Kenwood High Celebrates Black History Month


The door decorating contest winner- Mr. Shield’s door.

Amaya Freeman, Tabatha Miles, and Kayla Bey

Black History Month is celebrated throughout the month of February. In 1976, President Gerald Ford officially recognized Black History Month, calling upon the public to “seize the opportunity to honor the too-often neglected accomplishments of Black Americans in every area of endeavor throughout our history.”

Here at Kenwood High School we love to embrace all different types of cultures and heritages. You can just walk around Kenwood’s halls to see the engagement students had in their classes creating posters and displays about the people, past and present, who greatly impacted and influenced Black culture.

Throughout Kenwood displays like this one lined the halls.

With the additional help of SGA, students have engaged in fun and knowledgeable activities to recognize past and present successes in the Black community. As we look back on Black History, we should know the well-known “Black Panthers,” where wearing all black was very common. The SGA set up a black-out day for Friday, February 25, where everyone wore all black for the whole day in honor of Black History Month.

Ms. Beaty and Ms. Franklin wearing their HBCU gear for HBCU Spirit Day.

Throughout the week of February 22-25 SGA hosted a Black History Month Spirit Week with a Black Film Day, Historical Black College & University (HBCU) day, Black Excellence Day, and Black-Out day. SGA also organized sharing a fact a day on the morning announcements throughout the month of February.

Kenwood’s daily sharing of amazing facts of those who came before us inspired student Shakiera Small to educate herself on her African American background. She shares,  “I started going online and researching about things I found interesting and important.”

But the school’s pride in Black History Month could simply be seen by walking the halls with the SGA sponsored Black History Month Door Decorating contest. All the amazing doors showcased and represented African American cultural, from beautiful hair, clothing, and African Americans’ impact on the world.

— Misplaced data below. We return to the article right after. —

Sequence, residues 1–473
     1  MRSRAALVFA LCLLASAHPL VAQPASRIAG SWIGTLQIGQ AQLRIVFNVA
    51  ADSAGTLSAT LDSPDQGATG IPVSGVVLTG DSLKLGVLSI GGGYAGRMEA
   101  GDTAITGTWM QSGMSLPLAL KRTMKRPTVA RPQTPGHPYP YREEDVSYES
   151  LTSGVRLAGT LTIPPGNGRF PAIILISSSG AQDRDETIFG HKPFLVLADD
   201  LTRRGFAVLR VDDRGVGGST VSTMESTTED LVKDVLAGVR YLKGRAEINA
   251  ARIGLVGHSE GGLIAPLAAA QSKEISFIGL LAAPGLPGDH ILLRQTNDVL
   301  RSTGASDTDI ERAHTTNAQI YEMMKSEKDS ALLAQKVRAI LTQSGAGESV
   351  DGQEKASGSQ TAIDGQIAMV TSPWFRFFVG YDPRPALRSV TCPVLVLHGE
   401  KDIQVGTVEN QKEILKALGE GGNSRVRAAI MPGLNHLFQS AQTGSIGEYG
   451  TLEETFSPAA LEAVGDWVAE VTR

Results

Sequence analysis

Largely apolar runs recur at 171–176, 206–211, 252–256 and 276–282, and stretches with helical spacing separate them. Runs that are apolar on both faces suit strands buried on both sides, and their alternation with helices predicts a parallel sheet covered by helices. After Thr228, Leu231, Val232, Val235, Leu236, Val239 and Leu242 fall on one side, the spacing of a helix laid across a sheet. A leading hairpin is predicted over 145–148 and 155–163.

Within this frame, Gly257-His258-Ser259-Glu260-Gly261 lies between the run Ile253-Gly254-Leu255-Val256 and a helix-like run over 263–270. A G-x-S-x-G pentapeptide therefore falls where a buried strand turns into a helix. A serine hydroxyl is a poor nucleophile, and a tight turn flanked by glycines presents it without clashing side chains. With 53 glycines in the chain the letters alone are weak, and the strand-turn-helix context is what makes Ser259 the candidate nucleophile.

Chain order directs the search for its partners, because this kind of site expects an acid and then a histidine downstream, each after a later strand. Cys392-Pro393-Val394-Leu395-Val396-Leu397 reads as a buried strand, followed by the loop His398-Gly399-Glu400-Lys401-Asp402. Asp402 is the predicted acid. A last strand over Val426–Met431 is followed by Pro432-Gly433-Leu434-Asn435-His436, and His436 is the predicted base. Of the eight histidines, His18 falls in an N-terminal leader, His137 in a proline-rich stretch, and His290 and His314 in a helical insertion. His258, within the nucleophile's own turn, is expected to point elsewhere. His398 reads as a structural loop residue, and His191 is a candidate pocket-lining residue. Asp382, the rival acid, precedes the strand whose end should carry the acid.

One of the many fantastic doors decorated for the SGA Black History Month Door Decorating Contest

On top of that many classes engaged in a variety of activities to recognize Black History Month. Down in Child Development Ms. Reed’s students decorated their doors with children’s books that feature a African American author and protagonist. Students also researched the authors to read their books to the preschoolers during the spring session. “Students learned about the importance of diversity in children’s books, and we looked at some statistics which are pretty eye opening. Our favorite is “Hair Love”!” shared Ms. Reed.

In Mr. Swain’s computer science’s classes they started every class watching a video from Crash Course on Youtube from their Black American History Series. In AVID students honored past KHS graduates by highlighting some AVID Alumni who are out there  making their own black history! In Ms. Leaf’s Foundations of Engineering class a black engineer/inventor was highlighted each week. Ms. Leaf shares, “I liked to find as many localized black engineers so we can realize a connection through living in the same area, some of those engineers I have highlighted are Henry Blair of Glen Ross, MD-the 2nd African American to receive a US patent, and regionally Hattie T Scott of Norfolk, VA-believed to be the first African American female to receive a BA in civil engineering. ”

AVID’s display of KHS grads making their own Black History.

Ms. Leaf even brought Black History to the girls lacrosse team she coaches. “I have been posting on our page a miniseries of what I have called “Great Blacks of Lax.” It is just a small bit on women of color in the world of Women’s Lacrosse.”

In the English department students participated in the BCPS ELA and Social Studies Black History Month Essay Contest, as well as reading All American Boys in their ELA 11 American Literature classes to expose activism to institutional racism. The ELA 9 classes engaged  in Selma learning projects focused on civil rights.

As the African American influence of the past has paved the way for young Africans Americans today, there is no denying that there is a constant need for education on Black History. This month continues to give African Americans an opportunity to come together and share their experiences and celebrate their heritage. SGA advisor Ms. Forman adds, “Kenwood is a school with a diverse population but a large Black population and we need to provide an outlet for students and staff to feel seen and celebrated.”

So many great displays throughout the building.

Throughout the month and throughout the school Kenwood showcased their pride in Black History. Ms. Forman adds, “As a black woman in America it is important to honor and represent Black culture and Black History. Black History month gives us a bigger platform to do so. We must honor our ancestors, bring awareness to our struggle, and celebrated our successes.”